Believe it or not, most people don’t like politics — or politicians for that matter. In fact, the majority of people would rather have a root canal than spend time talking politics or listening to a politician.
You know when politicians are lying don’t you? When they open their mouths. There was a whole lot of lying going on in this last election. It got so surreal at times that we were seeing candidates on TV swinging baseball bats, discussing the merits of witchcraft, shooting off machine guns, threatening to take people out, etc. It was downright weird.
When you listen to Glenn Beck, Rush Limbaugh, Sean Hannity, et al., on talk radio, you get the impression that you’re living in the twilight zone. One of them throws out an unsubstantiated fact and the others begin quoting the original source. Thus, the story takes on a life of its own.
For example, a “story” broke last week that Obama’s 10-day trip to India and three other Asian countries would cost the taxpayers $2 billion and that the Navy would have to commit 34 ships — 10 percent of its fleet — in order to protect the president. The source was an anonymous person in the Indian government, but that didn’t stop the Drudge Report from picking it up. Soon after, all the talk show hosts were jumping on the “story” and quoting each other, creating an atmosphere of indignant righteousness that only they had the real facts.
Of course, later in the day the Pentagon refuted the story as being ludicrous. Citing security reasons, the White House wouldn’t reveal any particulars regarding the president’s trip, but a trip of similar length by President Clinton cost roughly $43 million. Obama’s trip would likely add up to about the same.
Listen carefully the next time the Glenn Beck Show comes on the radio and you will here him state that his show is for the listeners’ “entertainment and enlightenment.” Ponder those two words if you would. If I am entertaining and enlightening you, am I held to any higher standards including the truth?
The point here is that this was the political atmosphere during the mid-term elections. It is safe to say that the elections were not so much about ideology or public policy as much as they were about fear. People are upset and for good reason. They have lost their jobs, their homes, their savings, their health care. Frankly, these are scary times. Fear sells well, especially when the only thing we have to fear is not just fear itself! It is reasonable to expect people to vote against those in charge. What else can you do when no one seems to have any two-minute solutions to problems that have been evolving over the past 10 years? It used to be “Are you better off today than you were four years ago”? Now it’s down to two years. Is yesterday next? Should we be voting online on a daily basis — kind of like the gladiators and the lions during the Roman Empire? Thumbs up, today you live! Thumbs down, tomorrow you die? I guess the slogan “Rome wasn’t built in a day” is long gone.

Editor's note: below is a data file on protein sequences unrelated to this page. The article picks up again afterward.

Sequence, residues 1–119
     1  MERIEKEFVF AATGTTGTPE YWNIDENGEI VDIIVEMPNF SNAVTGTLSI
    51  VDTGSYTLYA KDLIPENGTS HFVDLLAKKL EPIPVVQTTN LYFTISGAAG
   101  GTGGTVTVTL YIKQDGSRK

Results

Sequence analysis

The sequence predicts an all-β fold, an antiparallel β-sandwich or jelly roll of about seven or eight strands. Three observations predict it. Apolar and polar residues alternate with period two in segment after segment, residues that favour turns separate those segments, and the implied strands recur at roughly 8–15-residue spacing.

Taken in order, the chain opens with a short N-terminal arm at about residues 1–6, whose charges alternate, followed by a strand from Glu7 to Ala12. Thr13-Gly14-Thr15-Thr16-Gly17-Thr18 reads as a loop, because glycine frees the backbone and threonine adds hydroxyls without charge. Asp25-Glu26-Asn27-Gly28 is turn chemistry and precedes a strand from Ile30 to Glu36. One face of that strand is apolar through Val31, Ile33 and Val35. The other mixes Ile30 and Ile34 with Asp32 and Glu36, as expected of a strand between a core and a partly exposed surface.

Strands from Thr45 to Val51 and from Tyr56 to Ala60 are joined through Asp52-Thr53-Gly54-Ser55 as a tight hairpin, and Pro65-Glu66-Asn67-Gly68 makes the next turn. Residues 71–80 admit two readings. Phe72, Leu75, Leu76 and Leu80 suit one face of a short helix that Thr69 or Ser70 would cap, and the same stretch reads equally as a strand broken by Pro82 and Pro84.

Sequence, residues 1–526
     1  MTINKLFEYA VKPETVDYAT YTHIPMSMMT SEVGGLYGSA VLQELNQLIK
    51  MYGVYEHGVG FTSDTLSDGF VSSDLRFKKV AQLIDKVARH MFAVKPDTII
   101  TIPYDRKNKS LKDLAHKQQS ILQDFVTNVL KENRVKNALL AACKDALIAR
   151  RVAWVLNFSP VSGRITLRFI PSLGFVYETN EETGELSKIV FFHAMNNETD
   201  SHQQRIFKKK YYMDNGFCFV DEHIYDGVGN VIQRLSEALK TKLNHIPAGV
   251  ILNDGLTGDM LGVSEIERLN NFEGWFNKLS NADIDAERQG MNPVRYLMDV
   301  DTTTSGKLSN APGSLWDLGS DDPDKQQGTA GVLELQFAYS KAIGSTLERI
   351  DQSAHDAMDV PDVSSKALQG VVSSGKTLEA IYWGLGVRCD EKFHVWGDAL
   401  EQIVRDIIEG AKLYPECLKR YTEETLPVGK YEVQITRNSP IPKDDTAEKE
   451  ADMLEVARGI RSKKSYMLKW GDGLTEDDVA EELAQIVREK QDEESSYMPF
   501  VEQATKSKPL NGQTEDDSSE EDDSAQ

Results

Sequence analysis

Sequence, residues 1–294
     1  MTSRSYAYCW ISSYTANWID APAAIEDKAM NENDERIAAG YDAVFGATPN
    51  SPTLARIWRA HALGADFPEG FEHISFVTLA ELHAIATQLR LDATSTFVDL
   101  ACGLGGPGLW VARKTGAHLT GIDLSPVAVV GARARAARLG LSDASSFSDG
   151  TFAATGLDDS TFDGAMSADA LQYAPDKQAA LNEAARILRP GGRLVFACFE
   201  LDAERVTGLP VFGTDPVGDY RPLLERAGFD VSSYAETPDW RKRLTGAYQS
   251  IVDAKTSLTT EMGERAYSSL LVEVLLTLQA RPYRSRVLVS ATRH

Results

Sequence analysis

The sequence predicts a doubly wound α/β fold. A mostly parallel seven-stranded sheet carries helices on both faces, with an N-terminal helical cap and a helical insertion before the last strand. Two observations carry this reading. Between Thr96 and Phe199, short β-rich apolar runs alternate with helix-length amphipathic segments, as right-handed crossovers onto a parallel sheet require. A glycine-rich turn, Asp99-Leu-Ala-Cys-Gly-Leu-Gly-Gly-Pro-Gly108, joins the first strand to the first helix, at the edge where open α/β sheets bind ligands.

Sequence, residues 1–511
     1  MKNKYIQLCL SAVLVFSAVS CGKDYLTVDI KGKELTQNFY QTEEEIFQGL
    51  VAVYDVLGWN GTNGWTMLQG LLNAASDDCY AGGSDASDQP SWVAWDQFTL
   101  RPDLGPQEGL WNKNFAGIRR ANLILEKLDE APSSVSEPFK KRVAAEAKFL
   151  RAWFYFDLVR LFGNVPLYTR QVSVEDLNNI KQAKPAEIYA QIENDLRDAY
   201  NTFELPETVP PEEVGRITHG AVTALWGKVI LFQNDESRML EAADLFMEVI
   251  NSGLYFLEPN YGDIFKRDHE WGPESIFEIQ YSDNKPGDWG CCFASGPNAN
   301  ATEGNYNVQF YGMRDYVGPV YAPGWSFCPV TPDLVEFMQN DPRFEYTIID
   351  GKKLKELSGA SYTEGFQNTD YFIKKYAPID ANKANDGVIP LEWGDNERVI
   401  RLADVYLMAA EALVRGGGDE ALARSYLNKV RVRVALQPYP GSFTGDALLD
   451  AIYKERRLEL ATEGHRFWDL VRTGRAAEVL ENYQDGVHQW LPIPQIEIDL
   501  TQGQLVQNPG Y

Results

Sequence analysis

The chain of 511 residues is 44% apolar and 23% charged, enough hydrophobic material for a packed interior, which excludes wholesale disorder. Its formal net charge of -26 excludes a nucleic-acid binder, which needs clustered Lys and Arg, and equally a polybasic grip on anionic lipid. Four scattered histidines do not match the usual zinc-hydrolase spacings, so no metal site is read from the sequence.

In 2008, Obama won the presidency convincingly by selling hope to the American people. Five million Obama voters sat out last week’s mid-term election. The answer to the question “Why” will determine his fate in 2012.
In the meantime, it is important that we don’t allow the next couple of years to become political gridlock. Our collective problems are so threatening that all of us — Democrats, Republicans and tea party members — must do our best to separate real from surreal, truth from lies and personal agendas from the public good in order to find some common ground on which we can solve some of these pressing problems.
People must have hope. They need to know that everything will eventually be OK.
Jon Beydler is a 32-year Valley resident and the former mayor of Fountain Hills who now lives in Chandler.